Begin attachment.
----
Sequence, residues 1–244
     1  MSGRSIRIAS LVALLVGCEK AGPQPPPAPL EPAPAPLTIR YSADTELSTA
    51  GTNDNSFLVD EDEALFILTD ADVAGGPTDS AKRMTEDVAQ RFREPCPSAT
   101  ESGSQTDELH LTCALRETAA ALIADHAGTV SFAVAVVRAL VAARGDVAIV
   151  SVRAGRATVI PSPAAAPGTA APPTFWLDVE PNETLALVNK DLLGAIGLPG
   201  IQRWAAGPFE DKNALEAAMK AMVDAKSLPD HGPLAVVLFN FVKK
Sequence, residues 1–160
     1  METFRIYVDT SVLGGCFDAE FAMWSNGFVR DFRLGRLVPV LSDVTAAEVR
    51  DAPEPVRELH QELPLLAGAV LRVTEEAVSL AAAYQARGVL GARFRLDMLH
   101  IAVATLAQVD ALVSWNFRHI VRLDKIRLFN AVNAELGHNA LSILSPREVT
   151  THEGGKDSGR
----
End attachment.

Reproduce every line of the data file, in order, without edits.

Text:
Sequence, residues 1–244
     1  MSGRSIRIAS LVALLVGCEK AGPQPPPAPL EPAPAPLTIR YSADTELSTA
    51  GTNDNSFLVD EDEALFILTD ADVAGGPTDS AKRMTEDVAQ RFREPCPSAT
   101  ESGSQTDELH LTCALRETAA ALIADHAGTV SFAVAVVRAL VAARGDVAIV
   151  SVRAGRATVI PSPAAAPGTA APPTFWLDVE PNETLALVNK DLLGAIGLPG
   201  IQRWAAGPFE DKNALEAAMK AMVDAKSLPD HGPLAVVLFN FVKK
Sequence, residues 1–160
     1  METFRIYVDT SVLGGCFDAE FAMWSNGFVR DFRLGRLVPV LSDVTAAEVR
    51  DAPEPVRELH QELPLLAGAV LRVTEEAVSL AAAYQARGVL GARFRLDMLH
   101  IAVATLAQVD ALVSWNFRHI VRLDKIRLFN AVNAELGHNA LSILSPREVT
   151  THEGGKDSGR